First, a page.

What about your business? How do you feel about the coming year?  Are you planning to hire? Let us know in the comments.

Editor’s note: this article was originally published at the American Express OPEN Forum titled, “Small Businesses Optimistic on the Economy Long Term, Few Hiring” and is republished here with permission.

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Janet Meiners thaelerAbout the Author: Janet Meiners Thaeler is an Evangelist for OrangeSoda Inc. and the principal blogger for their corporate blog and Twitter account. She regularly advises clients on blogging and social media strategies. Her own blog is Newspapergrl.com (and Twitter account @newspapergrl). She is passionate about online marketing and is always looking for new insights, resources and trends to help her clients.


Janet Meiners Thaeler Janet Meiners Thaeler is an Evangelist for OrangeSoda Inc. and the principal blogger for their corporate blog and Twitter account. She regularly advises clients on blogging and social media strategies. Her own blog is Newspapergrl. She is passionate about online marketing and is always looking for new insights, resources and trends to help her clients.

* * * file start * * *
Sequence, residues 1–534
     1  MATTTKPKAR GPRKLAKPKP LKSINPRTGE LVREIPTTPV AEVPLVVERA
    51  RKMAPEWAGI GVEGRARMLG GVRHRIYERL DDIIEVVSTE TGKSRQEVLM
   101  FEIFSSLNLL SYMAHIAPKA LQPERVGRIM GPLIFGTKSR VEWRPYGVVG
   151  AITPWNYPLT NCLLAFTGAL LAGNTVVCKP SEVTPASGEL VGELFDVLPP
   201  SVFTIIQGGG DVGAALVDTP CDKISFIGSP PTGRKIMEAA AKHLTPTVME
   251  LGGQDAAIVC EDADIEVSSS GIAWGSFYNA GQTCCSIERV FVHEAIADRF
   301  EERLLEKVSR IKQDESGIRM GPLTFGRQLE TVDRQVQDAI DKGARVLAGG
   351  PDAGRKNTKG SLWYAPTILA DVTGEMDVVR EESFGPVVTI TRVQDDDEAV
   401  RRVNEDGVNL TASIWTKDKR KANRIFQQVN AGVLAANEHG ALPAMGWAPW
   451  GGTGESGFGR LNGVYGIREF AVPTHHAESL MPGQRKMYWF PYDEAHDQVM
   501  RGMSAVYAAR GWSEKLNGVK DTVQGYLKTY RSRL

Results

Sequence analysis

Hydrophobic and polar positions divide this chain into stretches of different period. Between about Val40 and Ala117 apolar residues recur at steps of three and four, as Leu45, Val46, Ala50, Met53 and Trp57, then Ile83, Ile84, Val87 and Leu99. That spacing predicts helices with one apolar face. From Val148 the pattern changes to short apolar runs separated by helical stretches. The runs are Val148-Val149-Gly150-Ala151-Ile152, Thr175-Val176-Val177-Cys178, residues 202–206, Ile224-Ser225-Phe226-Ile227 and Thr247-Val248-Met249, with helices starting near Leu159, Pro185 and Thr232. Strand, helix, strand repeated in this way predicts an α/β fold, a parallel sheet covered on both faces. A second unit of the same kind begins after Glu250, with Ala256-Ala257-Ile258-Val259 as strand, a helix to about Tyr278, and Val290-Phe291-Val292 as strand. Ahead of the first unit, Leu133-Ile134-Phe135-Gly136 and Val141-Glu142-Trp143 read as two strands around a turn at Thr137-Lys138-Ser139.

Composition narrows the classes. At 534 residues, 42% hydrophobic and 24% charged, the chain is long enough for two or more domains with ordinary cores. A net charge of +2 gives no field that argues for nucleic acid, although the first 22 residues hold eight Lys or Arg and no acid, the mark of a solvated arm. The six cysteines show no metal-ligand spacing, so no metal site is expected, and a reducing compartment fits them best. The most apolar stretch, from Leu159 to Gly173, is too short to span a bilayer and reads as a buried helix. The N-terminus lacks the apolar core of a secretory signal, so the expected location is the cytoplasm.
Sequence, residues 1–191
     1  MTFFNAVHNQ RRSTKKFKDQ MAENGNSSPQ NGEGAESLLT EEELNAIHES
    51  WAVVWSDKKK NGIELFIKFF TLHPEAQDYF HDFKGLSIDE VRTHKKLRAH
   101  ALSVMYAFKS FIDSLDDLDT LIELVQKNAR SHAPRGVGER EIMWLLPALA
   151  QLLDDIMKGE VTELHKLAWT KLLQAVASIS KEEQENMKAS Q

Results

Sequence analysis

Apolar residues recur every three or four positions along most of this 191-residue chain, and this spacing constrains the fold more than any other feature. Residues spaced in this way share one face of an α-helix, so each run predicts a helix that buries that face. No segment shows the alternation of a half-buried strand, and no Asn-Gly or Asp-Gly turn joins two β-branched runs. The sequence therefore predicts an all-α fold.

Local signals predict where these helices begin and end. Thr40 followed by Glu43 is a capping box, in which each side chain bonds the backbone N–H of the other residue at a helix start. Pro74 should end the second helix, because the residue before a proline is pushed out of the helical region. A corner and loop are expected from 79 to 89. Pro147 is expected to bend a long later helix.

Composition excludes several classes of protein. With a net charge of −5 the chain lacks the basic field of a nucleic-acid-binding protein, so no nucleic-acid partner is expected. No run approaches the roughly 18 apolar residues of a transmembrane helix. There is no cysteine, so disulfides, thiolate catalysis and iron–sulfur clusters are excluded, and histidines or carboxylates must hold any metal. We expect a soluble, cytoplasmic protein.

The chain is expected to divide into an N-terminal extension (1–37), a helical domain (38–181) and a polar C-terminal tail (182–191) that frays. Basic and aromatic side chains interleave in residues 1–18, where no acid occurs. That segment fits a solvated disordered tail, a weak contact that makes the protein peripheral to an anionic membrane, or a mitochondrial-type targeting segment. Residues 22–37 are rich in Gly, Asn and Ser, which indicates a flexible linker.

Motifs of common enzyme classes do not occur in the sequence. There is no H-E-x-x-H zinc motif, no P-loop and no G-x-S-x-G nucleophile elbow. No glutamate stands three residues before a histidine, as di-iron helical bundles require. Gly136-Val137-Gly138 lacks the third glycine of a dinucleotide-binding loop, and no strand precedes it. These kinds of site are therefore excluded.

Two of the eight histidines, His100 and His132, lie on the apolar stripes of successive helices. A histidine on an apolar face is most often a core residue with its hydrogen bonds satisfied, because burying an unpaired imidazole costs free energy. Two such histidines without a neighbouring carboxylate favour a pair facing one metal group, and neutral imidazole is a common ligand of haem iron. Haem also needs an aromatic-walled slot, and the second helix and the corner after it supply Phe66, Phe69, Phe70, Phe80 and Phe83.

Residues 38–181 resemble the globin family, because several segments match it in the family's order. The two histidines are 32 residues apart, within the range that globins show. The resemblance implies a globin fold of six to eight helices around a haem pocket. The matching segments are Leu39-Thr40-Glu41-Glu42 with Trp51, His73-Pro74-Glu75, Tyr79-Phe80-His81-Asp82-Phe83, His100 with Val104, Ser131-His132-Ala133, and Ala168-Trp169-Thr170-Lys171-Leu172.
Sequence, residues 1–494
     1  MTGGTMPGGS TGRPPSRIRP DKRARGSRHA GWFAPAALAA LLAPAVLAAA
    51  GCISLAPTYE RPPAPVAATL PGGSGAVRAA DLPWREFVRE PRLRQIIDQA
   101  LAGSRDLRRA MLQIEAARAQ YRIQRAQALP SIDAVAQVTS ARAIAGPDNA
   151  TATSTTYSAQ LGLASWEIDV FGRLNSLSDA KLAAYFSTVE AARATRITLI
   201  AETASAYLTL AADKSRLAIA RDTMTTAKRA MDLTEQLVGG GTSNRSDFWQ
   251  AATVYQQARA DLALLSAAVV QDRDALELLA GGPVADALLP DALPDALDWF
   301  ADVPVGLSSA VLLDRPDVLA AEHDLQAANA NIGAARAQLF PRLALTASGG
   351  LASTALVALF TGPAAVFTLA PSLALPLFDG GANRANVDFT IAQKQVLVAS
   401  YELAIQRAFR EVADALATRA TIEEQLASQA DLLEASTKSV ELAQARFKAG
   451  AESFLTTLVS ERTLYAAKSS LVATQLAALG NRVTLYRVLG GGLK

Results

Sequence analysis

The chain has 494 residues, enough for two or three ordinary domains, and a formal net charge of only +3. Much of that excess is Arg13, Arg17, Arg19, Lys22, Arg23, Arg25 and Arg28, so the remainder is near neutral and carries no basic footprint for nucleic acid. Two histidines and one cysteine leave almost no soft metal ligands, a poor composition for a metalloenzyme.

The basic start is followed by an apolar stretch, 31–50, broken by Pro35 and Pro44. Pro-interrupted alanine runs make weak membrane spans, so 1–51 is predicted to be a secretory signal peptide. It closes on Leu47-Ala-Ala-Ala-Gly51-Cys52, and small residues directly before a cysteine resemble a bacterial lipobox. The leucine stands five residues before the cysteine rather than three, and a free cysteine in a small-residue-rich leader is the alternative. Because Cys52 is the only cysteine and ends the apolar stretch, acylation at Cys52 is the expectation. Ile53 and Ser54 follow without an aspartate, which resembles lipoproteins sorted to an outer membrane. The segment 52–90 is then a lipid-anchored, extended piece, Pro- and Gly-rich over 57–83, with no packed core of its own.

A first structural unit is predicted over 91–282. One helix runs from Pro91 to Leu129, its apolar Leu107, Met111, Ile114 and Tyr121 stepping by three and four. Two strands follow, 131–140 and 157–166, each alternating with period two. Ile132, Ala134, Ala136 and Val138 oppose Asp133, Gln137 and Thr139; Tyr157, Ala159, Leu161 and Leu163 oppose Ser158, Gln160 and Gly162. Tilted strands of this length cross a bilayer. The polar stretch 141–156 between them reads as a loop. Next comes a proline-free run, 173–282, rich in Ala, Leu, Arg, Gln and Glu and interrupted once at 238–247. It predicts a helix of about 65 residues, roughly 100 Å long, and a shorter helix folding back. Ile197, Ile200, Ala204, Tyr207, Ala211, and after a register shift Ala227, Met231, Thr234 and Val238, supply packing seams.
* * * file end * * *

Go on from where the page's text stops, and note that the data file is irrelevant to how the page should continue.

9 Reactions
  1. Janet: Looking at the Purchasing Managers’ Index gives you a sign of hope and the long trend is positive according to my view.

  2. It pays to be optimistic.
    It’s been my long experience in the workplace that managers are optimistic about the views of their superiors and pessimistic about the views of their underlings. There’s a “survival” element to that situation.

  3. Great insight Janet
    One thing I’ve noticed with many small business owners is that they don’t have a good handle on their numbers and therefore many of their comments and thoughts are shooting from the hip.
    As a result they often run business models which are not that effective and with the small business world changing rapidly through technology (i.e. Marketing and Distribution) they are often ill equipped and can get locked in the past.